Interview with Thaddeus Phillips
May 2017. Abridged, read the entire interview on the FringeArts Blog.
FringeArts: How did the title A Billion Nights on Earth come about?
Thaddeus Phillips: The title references a loose idea of every night we have ever had on earth – perhaps not a billion but many many many nights of humanity and all animal life on earth has lived under the stars and looking up wondering what is actually happening and in awe of the awesome beauty of it. When you become a parent, for me you are reminded more than ever as you explain to your child about the stars and planets, about the fantastic and sheer shock of how amazing and unexplainable it all is.
The show is inspired by being a parent and the desire to create not a work for children but a work that would be equally engaging for children and adults. A Billion Nights on Earth is at the same time an adult work for kids and a kids work for adults—or in simple terms, it is for three year olds and surrealists.
FringeArts: Can you describe your set?
Thaddeus Phillips: The instance that brought it all together was the playing with my son at the amazing Astrid Lindgren’s World Park in Sweden—on a playground made from a roof with a window. This image is the basis for our design and the entire show. This roof is a magic box that slides and reveals interior and exterior spaces – as the show is constantly referencing minute details of life and huge questions of existence at the same time. The framework for the performance is greatly inspired from Japanese Kabuki theater—in that each corner of the playing area is activated and able to change slowly and with transparent magic into wildly different locations. There will also be many large scale inflatables.
FringeArts: How will the two performers be encountering the scenic and design elements?
Thaddeus Phillips: Michael and Winslow Fegley are a real father son acting duo. The Fegleys are an acting family based in Allentown and we are very excited to draw on their real relationship to create the father son for A Billion Nights on Earth. We are sending them through a magic portal in the kitchen’s fridge—in a simple quest some late night milk—Winslow is taking to an insane universe where anything is possible. His dad son follows. What is exciting is to play with all the radically different places we can take these two very different characters through—and their totally different reactions to this universe they must navigate. The art elements that are characters include the sliding roof—which will seem alive with a mind of its own, as well as the various inflatable objects—making the design and art objects onstage have equal weight as characters to that of Winslow and Mike.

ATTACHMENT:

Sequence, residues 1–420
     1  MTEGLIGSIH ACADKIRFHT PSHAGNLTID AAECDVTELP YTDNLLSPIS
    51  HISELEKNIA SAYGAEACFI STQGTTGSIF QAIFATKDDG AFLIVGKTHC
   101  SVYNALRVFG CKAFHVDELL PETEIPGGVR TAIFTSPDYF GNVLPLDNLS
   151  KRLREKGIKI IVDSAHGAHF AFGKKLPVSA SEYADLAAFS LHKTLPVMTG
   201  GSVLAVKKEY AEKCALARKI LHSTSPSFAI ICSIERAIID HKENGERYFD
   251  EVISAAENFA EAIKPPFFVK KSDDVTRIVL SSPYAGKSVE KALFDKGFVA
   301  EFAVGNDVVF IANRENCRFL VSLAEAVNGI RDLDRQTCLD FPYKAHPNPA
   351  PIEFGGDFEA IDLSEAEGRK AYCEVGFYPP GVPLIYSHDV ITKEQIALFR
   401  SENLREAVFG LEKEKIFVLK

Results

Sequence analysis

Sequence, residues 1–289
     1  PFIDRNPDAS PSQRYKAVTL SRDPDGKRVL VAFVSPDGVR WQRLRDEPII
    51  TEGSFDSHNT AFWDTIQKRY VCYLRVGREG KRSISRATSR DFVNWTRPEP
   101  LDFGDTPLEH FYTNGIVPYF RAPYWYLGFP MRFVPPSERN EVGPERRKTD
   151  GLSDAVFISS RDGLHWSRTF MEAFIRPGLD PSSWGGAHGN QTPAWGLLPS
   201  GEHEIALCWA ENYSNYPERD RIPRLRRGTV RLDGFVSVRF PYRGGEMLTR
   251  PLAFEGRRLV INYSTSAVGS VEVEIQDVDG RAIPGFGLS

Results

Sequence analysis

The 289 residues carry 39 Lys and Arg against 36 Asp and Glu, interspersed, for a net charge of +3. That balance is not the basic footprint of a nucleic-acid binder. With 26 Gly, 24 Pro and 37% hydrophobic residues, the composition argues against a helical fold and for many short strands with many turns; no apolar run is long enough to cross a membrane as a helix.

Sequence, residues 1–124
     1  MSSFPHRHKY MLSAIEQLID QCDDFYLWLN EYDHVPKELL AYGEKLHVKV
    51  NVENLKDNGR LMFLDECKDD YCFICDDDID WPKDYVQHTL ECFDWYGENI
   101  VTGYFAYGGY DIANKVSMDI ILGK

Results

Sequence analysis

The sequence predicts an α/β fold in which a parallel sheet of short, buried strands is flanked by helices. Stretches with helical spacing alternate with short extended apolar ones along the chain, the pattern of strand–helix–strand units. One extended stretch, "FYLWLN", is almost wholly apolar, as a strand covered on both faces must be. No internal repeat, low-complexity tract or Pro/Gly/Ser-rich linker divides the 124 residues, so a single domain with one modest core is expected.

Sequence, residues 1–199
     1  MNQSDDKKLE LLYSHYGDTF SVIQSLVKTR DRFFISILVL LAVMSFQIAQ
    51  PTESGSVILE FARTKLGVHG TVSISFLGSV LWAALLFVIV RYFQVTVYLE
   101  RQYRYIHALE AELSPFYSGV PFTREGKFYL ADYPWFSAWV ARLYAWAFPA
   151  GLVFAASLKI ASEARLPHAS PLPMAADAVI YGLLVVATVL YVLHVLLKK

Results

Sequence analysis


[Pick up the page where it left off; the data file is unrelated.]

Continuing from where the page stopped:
FringeArts: How does the creative process work with your partnership with Stephen Dufala?
Thaddeus Phillips: Steven is an artist. And I have approached this collaboration with him not as a set designer, but as an artist and using his amazing and playful mind to really create an onstage artwork—in which the stage landscape is created from the his artistic perspective as an installation artist, sculptor and painter. We have done something I have never seen, which is to create a totally black stage design—that will serve as a palette to allow objects of color to pop of the stage in a striking way—it is the contrast between dark and color that we have been playing with the most as well as creating the most fantastical large scale images using the simplest yet surprising means.
Interview with Michael and Winslow Fegley
September 2017. Abridged, read the entire interview on the FringeArts Blog.
FringeArts: Tell us a little about your performance backgrounds.
Michael: I’m a member of AEA and SAG-AFTRA and have been working professionally for over twenty years. I’ve performed extensively in New York and Philadelphia in works ranging from classical to the avant-garde, including the Off-Broadway production of Small Potatoes.
Winslow: I’ve been doing plays and movies for a while now. Plus my whole family acts, and I watch them working all the time. I’ve learned a lot, and I like working with my dad.
FringeArts: How much of your real-life relationship have you each brought with you to the stage?
Winslow: A lot, I guess. I mean, he’s my dad.
Michael: A Billion Nights on Earth is quite the fantasy piece, but there are moments of parental frustration that any parent can understand. We also touch on the unfortunate disconnect that happens in our busy world, and the importance of connection for both the child and the parent.
FringeArts: What has it been like working with this otherworldly set that constantly evolves as the piece progresses?
Winslow: Awesome, it’s just so much fun to be in so many worlds!
Michael: I also think it’s awesome. Performing on it carries your mind to all new places – you think in new ways, use your body in different ways, and experience things on many levels.